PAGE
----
But there was still enough loyalty left to Lady Dindrane that nobody would report them to Sir Mordred if they heard them speaking well of her. And if they were speaking of her in a way that could be construed as ill … well, they wouldn’t get in trouble for that, either, given how Sir Mordred thought of her now.
“She had a whole big library full o’ ’em — ain’t that right, Lukas?” asked Ella.
“So I hear,” replied Lukas. He shrugged at Anja. “Never saw ’em meself.”
“An’ she probably took most o’ ’em with her when she left,” Ella sighed. “It’s almost too bad … I’d’ve liked ter have seen that.”
Lukas was not so sure — not that his wife would have liked to have seen the books, but that Lady Dindrane had taken them with her. Everything had been done so secretly and so strangely that she might have had to leave her books behind. Once they were left behind, would Sir Mordred have ever given them back?
“Why … why did she leave?” asked Anja in a voice so near to a whisper that Lukas barely heard it.
Lukas and Ella stared at her.
Anja flushed and picked at her skirt. “Nobody really likes ter say … they all say, ‘I don’t want ter talk about that,’ so … so all I ever hear are rumors, an’ they don’t say much …”
Lukas gulped. How — how in the world were they supposed to answer that? How was he supposed to answer that? With his family in it up to their ears?
Ella solved that problem for him by snorting and shaking her hair back like a filly. “Well! I sure as anythin’ ain’t scared ter say why!”
“Ella!” Lukas gasped.
“Why should I be? I didn’t let that horrible old witch scare me when she were alive — I ain’t gonna let her now that she’s dead, an’ good riddance to her.”
Lukas heartily agreed with the sentiment — but all the same, he put an arm around Ella’s shoulders and kissed the top of her head. Just to be sure she was safe. Just to be sure she was there.
Ella smiled at him and snuggled into his armpit — before breaking free and turning back to Anja. “It were that horrid witch, Lady Morgause. She tried ter — ter kill me nevvie, ter make her young an’ pretty again!” Ella shook a little when she said that, and Lukas smoothed her hair back from her face. “But it didn’t work. ‘Cause Lady Dindrane — an’ Lukas’s ma — found her, an’ put a stop ter her. An’ there were a big trial an’ everythin’, an’ the jury found her guilty, an’ the King would’ve chopped her head off had the old witch not killed her own self before he had the chance. That’s the only bit I’m sorry about … well, other than what happened ter poor Thorn …”
Anja stared at Ella with a fallen jaw. Then she stammered. “Luk–Lukas’s ma …?”
“Found Thorn — an’ — an’ she thought he were dead, though Lady Dindrane said he weren’t — I sometimes wonder if she didn’t pray him back ter life himself …”
Anja gasped. “But–but only saints can do things like that!”
“So?” Ella shrugged. “The only thing stoppin’ Betsy from bein’ a saint is that she ain’t dead yet — an’ I hope she don’t become a saint fer a long, long time!”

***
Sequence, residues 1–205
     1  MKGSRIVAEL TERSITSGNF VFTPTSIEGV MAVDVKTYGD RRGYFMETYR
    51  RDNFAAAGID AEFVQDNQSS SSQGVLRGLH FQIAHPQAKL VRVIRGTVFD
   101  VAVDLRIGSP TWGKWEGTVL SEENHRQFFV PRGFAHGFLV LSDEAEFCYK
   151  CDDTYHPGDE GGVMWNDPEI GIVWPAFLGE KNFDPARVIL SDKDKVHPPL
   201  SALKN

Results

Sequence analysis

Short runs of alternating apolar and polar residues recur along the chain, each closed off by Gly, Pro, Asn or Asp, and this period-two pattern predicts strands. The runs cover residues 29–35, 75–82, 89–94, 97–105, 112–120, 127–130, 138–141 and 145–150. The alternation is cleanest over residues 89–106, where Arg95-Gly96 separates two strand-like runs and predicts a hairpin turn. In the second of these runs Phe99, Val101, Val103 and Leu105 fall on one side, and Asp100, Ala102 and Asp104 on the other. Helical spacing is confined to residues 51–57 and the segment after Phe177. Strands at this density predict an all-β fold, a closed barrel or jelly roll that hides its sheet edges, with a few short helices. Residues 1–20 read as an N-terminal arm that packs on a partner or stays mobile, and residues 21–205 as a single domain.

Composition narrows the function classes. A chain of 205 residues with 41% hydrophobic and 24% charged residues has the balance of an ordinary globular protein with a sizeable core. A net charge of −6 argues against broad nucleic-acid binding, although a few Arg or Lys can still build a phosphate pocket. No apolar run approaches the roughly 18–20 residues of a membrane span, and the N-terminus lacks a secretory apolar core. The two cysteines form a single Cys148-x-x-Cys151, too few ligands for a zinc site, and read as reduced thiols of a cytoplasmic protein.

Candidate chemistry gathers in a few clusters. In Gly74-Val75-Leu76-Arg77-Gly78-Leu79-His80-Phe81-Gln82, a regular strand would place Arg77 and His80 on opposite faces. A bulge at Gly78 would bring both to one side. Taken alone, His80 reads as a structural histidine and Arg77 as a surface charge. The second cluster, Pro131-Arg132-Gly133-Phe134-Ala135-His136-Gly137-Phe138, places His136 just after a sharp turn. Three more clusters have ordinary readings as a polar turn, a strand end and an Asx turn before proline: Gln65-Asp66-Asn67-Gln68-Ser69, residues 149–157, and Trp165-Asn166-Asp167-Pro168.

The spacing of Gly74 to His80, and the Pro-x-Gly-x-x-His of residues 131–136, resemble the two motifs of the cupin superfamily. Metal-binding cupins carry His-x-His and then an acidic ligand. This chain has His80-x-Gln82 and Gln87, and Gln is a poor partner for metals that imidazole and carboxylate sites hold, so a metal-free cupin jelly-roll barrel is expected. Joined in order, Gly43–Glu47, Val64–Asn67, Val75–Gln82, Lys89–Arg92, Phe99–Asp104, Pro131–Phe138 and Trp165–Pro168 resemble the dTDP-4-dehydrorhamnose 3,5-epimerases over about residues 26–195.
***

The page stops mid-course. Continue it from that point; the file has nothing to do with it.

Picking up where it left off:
“Amen!” Lukas joined in. He loved his mother, but — well, he didn’t want to think about her becoming a saint. No son would.
He shifted closer to Ella, wrapped his arm around her waist, and pointedly looked up at the sky. “That one,” he said, pointing to a cloud at random, “that one looks like a rabbit.”
Ella giggled and raised an eyebrow at him. “Don’t think I don’t know what ye’re doin’, mister.”
“What?” Lukas asked, blinking as innocently as he could.
Ella kissed him on the nose — then she leaned back, and Lukas leaned back with her. “Ye loon,” she said, looking up. “That don’t look a thing like a rabbit. It looks like a mermaid!”
“A mermaid?” asked Anja, and she lay back, too.
This, thought Lukas, was a much better way to digest those meat pies than talking about things like Lady Morgause. Lady Morgause would turn an empty stomach, and Lukas wouldn’t insult his mother’s cooking by spoiling it with talk of that woman.
But Lukas should have known better than to think so pleasant a break could last.
“Pelles!” came the cry.
Lukas winced. Of course. Barber. His duties had been expanded when Martin had died to encompass most of Martin’s, too. But in Lukas’s mind, he was nowhere near as good … and that was not just because he treated Lukas like the scum beneath his boot.
“And Jager! Get up, girl! You’re usually a good worker — don’t be falling in with the likes of that!” He scoffed at Lukas while Anja scrambled to her feet and tried to apologize.
“I don’t want to hear it!” snapped Barber. “I said get back to work!”
“Aw, leave her alone, Ba–Master Barber,” Lukas muttered, rising much more slowly. “It’s me fault, it ain’t hers.”
“None o’ that from ye, Lukas, if ye still want a job!”
“Oh, pish!” snapped Ella as Lukas helped her to her feet. “Ye can’t be tossin’ Lukas out. Sir Mordred’s got ter give a job ter one o’ us if we need it. An’ we need a job, an’ lo! Here’s Lukas!”
“I’d watch what I said if I were you, girl,” snarled Barber. “The laws don’t say who would have to work for Sir Mordred. You could be spending all day out in the fields.”
“When I’ve already got a good job that pays more an’ is indoors beside? Ha!” fired back Ella. “I ain’t comin’ ter work fer ye. No way, no how. An’ if ye try ter make me, don’t think I won’t be goin’ an’ tellin’ all about ye ter Mistress Chevaux. She won’t like it if ye’re bullyin’ one o’ her friends.”
That made Barber shut up — at least, shut up to Ella and Lukas. Poor Anja was still left out in the open, though. “You! Jager! I said, get to work!”
Anja tossed a brief, apologetic glance over her shoulder at Ella and Lukas before scuttling off.
Lukas thought he had best do the same (there was no sense in antagonizing Barber), but Ella stayed him with a kiss. “I’ll get the picnic cleaned up,” she murmured, “an’ ye …”
She kissed him again and whispered, “Give ‘im hell fer me, Lukas.”